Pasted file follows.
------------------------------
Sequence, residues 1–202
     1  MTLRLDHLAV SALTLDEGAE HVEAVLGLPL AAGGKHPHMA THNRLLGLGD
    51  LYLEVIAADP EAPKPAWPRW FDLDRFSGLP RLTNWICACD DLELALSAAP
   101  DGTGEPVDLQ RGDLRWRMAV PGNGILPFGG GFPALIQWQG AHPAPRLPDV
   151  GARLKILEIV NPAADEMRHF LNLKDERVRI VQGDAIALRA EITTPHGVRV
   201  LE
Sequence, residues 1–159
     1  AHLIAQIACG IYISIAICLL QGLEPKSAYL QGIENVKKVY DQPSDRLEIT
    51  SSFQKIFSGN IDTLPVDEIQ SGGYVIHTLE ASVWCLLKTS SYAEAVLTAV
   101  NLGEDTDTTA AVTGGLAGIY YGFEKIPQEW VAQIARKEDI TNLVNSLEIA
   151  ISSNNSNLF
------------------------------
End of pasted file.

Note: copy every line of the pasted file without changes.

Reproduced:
Sequence, residues 1–202
     1  MTLRLDHLAV SALTLDEGAE HVEAVLGLPL AAGGKHPHMA THNRLLGLGD
    51  LYLEVIAADP EAPKPAWPRW FDLDRFSGLP RLTNWICACD DLELALSAAP
   101  DGTGEPVDLQ RGDLRWRMAV PGNGILPFGG GFPALIQWQG AHPAPRLPDV
   151  GARLKILEIV NPAADEMRHF LNLKDERVRI VQGDAIALRA EITTPHGVRV
   201  LE
Sequence, residues 1–159
     1  AHLIAQIACG IYISIAICLL QGLEPKSAYL QGIENVKKVY DQPSDRLEIT
    51  SSFQKIFSGN IDTLPVDEIQ SGGYVIHTLE ASVWCLLKTS SYAEAVLTAV
   101  NLGEDTDTTA AVTGGLAGIY YGFEKIPQEW VAQIARKEDI TNLVNSLEIA
   151  ISSNNSNLF